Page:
MORE than 100,000 Rohingya refugees living in the makeshift camps of Bangladesh face an impending hazard come March.
The monsoon season is expected to hit next month, a situation United Nations Security Council diplomats warn could flood camps and cause diseases to spread, The New York Times reported.
Rohingya refugees, now living in squalid conditions there, face “a humanitarian crisis within the crisis”.
“Their lives are greatly at risk,” United Nations high commissioner for refugees Filippo Grandi said.
Grandi said they are now in a “race against time” to relocate tens of thousands of particularly vulnerable Rohingyas living in areas prone to flooding and landslides.
Carl Skau, Sweden’s representative to the Council, said the camps are in dire state and warned of the impending “crisis within the crisis”.
In January, aid groups released data showing one-third of the land in the cramped Kutupalong-Balukhali mega-camp could be submerged by floods.
More than 86,000 people live in high-danger flood areas. More than 23,000 more live along steep, unstable hillsides at risk of crumbling with heavy and continuous rainfall.
Bangladesh has remarkably absorbed nearly one million Rohingya refugees since Burma’s violent campaign of ethnic cleansing, the Washington Post reported. Most move to the Kutupalong refugee settlement near the port city Cox’s Bazaar, the world’s largest and most densely populated refugee settlement.
The Rohingyas are a long-persecuted Muslim minority in Burma, denied citizenship and access to rights by the Burmese government.
Last August, an attack by Rohingya insurgents in Rakhine State was met with a brutal crackdown by Burmese security forces.
Doctors Without Borders estimate nearly 7,000 Rohingyas, including 730 children under age of 5, were killed in what has been dubbed a textbook case of “ethnic cleansing” by a top United Nations human rights official. The Burmese government denies these allegations.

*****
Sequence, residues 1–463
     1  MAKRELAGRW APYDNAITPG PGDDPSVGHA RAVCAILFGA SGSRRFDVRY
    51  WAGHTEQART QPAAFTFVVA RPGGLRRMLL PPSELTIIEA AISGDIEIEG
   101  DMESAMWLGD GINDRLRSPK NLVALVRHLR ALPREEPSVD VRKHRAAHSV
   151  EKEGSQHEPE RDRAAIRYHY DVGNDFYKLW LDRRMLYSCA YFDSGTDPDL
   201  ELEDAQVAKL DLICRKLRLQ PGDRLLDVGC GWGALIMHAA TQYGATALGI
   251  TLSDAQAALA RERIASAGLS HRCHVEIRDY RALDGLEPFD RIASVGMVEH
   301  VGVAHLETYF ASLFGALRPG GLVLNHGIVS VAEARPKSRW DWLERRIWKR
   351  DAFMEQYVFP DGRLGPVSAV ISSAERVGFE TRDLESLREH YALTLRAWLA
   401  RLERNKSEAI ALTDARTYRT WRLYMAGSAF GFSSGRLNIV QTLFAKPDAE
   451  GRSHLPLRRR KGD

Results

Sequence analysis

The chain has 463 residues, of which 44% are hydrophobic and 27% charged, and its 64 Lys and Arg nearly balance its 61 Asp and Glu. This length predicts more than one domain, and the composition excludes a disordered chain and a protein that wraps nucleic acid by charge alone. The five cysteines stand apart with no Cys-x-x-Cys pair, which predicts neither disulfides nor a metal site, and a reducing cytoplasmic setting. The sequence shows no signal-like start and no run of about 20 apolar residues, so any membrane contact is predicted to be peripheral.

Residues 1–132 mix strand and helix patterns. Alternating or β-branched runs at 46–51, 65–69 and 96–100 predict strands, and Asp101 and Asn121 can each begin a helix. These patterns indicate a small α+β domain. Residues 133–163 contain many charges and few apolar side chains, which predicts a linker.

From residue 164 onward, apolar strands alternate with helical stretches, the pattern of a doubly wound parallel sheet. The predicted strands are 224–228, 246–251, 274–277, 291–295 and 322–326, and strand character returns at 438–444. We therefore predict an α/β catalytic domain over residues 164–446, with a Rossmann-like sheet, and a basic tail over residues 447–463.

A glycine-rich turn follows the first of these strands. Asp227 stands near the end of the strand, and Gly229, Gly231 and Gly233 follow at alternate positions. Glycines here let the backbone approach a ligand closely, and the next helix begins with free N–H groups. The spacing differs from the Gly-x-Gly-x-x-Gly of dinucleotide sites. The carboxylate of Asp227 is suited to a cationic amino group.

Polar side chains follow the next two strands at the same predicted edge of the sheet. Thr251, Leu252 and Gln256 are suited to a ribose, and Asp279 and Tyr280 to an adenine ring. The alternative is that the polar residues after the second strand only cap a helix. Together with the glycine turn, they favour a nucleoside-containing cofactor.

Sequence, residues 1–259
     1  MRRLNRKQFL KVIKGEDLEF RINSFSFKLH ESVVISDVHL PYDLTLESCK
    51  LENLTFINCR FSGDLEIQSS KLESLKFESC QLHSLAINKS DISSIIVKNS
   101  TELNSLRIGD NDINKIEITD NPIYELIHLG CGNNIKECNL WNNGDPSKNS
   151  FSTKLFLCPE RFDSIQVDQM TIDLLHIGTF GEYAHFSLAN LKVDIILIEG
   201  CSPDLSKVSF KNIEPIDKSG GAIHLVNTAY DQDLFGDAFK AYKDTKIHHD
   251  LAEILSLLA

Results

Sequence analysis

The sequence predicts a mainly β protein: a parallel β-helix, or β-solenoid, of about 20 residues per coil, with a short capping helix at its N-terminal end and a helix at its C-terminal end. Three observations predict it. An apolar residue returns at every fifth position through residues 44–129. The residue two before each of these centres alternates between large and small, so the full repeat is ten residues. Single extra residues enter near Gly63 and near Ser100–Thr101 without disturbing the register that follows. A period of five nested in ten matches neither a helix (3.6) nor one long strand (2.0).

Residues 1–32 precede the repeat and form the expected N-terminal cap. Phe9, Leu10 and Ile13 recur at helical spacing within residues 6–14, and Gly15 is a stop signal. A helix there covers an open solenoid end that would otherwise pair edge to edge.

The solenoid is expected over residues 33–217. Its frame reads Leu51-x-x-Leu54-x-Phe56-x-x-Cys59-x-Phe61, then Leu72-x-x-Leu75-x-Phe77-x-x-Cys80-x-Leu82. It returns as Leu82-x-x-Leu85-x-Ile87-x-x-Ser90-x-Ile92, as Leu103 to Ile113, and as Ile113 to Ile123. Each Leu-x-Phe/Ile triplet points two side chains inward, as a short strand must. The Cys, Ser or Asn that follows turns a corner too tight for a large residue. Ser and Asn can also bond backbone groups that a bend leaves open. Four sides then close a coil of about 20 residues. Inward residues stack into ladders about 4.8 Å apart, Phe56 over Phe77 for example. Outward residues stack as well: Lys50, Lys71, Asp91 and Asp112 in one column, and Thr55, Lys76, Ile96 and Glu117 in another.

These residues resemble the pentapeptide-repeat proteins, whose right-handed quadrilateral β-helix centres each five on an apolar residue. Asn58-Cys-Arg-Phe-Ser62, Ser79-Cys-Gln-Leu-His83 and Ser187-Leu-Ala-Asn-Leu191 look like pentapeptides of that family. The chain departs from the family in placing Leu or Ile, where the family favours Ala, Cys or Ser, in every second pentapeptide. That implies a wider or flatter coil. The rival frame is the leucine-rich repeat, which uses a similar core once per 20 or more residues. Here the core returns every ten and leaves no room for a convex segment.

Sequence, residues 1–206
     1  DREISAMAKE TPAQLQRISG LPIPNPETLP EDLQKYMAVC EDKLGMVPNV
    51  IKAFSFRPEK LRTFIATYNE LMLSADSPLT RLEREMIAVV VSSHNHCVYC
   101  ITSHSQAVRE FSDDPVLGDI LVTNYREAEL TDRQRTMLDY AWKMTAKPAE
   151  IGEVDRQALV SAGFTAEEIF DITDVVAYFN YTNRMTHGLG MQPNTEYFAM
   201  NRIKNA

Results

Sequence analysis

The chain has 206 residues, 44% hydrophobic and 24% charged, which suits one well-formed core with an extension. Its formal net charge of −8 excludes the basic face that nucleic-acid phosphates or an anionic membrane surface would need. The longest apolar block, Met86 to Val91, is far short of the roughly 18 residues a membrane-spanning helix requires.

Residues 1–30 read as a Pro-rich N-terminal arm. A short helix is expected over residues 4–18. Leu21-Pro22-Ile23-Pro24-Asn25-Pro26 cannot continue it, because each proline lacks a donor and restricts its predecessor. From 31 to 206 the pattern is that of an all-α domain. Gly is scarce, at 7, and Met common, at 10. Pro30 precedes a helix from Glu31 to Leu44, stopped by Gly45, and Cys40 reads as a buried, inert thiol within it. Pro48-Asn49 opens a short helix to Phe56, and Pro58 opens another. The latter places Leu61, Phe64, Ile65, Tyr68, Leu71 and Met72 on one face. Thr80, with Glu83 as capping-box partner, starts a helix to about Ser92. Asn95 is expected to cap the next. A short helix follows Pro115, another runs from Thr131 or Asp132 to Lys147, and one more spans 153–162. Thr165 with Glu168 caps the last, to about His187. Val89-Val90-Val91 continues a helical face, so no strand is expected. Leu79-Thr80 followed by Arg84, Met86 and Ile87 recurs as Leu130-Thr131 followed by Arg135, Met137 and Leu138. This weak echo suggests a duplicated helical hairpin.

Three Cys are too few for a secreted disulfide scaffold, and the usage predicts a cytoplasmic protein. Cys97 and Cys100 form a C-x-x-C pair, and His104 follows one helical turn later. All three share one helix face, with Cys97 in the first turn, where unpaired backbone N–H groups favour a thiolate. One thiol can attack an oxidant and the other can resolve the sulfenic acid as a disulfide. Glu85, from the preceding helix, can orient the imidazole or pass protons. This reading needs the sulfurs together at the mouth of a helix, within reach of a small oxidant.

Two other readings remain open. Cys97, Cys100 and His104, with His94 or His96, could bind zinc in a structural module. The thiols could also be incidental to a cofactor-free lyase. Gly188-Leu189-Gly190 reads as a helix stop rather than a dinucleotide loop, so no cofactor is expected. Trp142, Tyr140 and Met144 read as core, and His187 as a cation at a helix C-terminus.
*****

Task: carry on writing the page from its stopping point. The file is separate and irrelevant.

Masud Bin Momen, Bangladesh’s ambassador to the United Nations said his country is still receiving Rohingya refugees this month, as many as 1,500. They report continued violence back home.
“The causes of their flight have not been addressed, and we have yet to see substantive progress on addressing the exclusion and denial of rights that has deepened over the last decades, rooted in their lack of citizenship,” he said.
Aung San Suu Kyi’s government continues to curtail humanitarian access to the affected areas at Rakhine state, where hundreds of villages have been burned down by Burma’s military.
“UNHCR presence and access throughout the state are essential to monitor protection conditions, provide independent information to refugees, and accompany returns as and when they take place,” Grandi said.
The US ambassador to the UN, Nikki Haley, called on the Council to hold Burma’s military responsible for their actions.
— Reuters Top News (@Reuters) February 14, 2018
She criticised Burma’s leader and Nobel Peace Prize laureate Suu Kyi for her failure to stop the violence against the Rohingyas.
“This council must hold the military responsible for its actions and pressure Aung San Suu Kyi to acknowledge the horrific acts taking place in her country,” Haley said.
“No more excuses.”